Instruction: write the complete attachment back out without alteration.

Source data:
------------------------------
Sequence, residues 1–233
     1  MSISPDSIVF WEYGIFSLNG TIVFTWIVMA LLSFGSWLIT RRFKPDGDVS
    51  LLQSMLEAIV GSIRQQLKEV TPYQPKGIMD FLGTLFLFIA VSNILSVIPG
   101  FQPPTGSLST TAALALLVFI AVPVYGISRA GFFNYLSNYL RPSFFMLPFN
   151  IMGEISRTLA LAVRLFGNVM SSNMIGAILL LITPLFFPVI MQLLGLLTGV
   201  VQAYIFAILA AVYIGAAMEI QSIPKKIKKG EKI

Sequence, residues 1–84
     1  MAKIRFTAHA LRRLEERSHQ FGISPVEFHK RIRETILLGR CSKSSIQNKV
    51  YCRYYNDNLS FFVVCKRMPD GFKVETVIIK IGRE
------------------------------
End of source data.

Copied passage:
Sequence, residues 1–233
     1  MSISPDSIVF WEYGIFSLNG TIVFTWIVMA LLSFGSWLIT RRFKPDGDVS
    51  LLQSMLEAIV GSIRQQLKEV TPYQPKGIMD FLGTLFLFIA VSNILSVIPG
   101  FQPPTGSLST TAALALLVFI AVPVYGISRA GFFNYLSNYL RPSFFMLPFN
   151  IMGEISRTLA LAVRLFGNVM SSNMIGAILL LITPLFFPVI MQLLGLLTGV
   201  VQAYIFAILA AVYIGAAMEI QSIPKKIKKG EKI

Sequence, residues 1–84
     1  MAKIRFTAHA LRRLEERSHQ FGISPVEFHK RIRETILLGR CSKSSIQNKV
    51  YCRYYNDNLS FFVVCKRMPD GFKVETVIIK IGRE